Amazon updates Cloud Player to compete with iTunes Match

Announced by Amazon earlier today, the online retailer has rolled out a new update for the Cloud Player storage service that allows Amazon customers to store up to 250 songs for free. The update includes a new feature that scans folders containing music on your computer and automatically matches up that music to songs within Amazon’s catalog. It doesn’t matter if the music was ripped from a compact disc or purchased through another competing service. After matching up the music, customers will be able to access the music within Cloud Player. Similar to Apple’s iTunes Match, the music will be upgraded to 256 Kbps quality despite the original bit rate of each song.

amazon cloud player iphoneThis is ideal for anyone that has an older collection of 128 Kbps MP3 files and would like a higher quality version of their music without having to repurchase the media. In order to provide matching, Amazon had to sign new deals with the major record labels in addition to “150 independent distributors, aggregators and music publishers.”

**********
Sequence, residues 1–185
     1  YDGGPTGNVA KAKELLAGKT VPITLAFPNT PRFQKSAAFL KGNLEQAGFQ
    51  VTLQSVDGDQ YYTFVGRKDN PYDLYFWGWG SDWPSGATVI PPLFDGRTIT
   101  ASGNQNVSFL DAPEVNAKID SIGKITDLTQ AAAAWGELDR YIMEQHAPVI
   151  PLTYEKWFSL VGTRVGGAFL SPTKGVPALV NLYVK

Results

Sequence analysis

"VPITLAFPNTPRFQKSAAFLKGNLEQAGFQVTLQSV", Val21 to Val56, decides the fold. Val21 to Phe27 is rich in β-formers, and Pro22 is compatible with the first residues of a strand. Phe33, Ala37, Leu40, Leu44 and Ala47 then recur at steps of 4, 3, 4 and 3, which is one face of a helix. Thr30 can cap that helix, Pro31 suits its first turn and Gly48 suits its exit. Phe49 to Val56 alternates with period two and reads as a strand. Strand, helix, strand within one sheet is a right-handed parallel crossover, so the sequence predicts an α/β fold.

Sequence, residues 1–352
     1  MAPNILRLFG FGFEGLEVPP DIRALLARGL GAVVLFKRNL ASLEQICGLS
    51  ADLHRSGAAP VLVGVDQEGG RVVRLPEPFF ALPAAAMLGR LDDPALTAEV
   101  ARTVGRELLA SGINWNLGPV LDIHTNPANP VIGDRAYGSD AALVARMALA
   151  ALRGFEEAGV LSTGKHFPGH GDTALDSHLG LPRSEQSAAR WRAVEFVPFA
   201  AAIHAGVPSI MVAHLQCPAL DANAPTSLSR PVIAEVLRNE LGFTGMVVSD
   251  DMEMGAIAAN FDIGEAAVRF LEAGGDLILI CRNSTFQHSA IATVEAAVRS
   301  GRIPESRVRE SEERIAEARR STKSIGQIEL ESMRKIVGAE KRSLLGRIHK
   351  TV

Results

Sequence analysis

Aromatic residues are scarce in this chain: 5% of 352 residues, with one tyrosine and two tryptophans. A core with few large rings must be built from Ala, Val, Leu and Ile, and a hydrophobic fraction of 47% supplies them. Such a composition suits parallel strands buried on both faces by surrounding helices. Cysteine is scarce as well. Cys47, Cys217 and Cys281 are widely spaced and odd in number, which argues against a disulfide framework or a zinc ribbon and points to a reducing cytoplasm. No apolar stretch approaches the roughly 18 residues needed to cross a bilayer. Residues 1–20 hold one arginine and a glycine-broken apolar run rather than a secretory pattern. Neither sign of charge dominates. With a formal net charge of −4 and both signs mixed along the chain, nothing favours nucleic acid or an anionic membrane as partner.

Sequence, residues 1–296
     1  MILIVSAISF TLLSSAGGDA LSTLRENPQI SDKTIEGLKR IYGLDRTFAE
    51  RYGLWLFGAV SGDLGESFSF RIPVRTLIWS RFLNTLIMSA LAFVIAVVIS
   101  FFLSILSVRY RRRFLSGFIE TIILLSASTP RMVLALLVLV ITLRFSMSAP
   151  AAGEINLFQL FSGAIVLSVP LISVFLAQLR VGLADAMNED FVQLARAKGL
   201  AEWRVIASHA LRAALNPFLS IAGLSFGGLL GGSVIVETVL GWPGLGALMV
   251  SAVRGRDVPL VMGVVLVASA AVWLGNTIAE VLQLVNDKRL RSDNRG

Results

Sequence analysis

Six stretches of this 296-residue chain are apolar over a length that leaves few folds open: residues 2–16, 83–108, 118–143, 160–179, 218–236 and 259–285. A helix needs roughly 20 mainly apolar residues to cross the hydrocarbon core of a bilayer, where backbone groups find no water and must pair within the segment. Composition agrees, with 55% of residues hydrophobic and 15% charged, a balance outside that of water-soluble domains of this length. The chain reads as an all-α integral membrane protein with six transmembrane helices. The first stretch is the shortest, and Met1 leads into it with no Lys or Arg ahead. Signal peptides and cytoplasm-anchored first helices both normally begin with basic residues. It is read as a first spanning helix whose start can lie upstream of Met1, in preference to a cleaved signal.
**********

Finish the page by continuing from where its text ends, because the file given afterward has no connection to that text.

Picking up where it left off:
In addition to the matching feature, Amazon has updated Cloud Player to include all music purchases made in the past on a specific Amazon account. Assuming that an Amazon user is without their main audio device, they will be able to access music from any Web browser as well as mobile devices like an iPad, iPhone, iPod Touch, Android device or Kindle Fire tablet. Amazon is also planning on adding support for the Roku media streaming set-top box as well as the Sonos wireless music system. 

If an Amazon user needs more space for a larger collection of music, Amazon also offers the Cloud Player Premium package that includes storage of 250,000 songs for a price of $24.99 per year. In addition, all songs purchased on Amazon don’t count towards the 250 or 250,000 limit. Beyond the Cloud Player features, Amazon is also splitting up Cloud Player from the Cloud Drive product. Any Amazon user can get 5GB of file storage for free with Cloud Drive, but can pay for premium plans up to $500 a year for 1TB of online data storage. 

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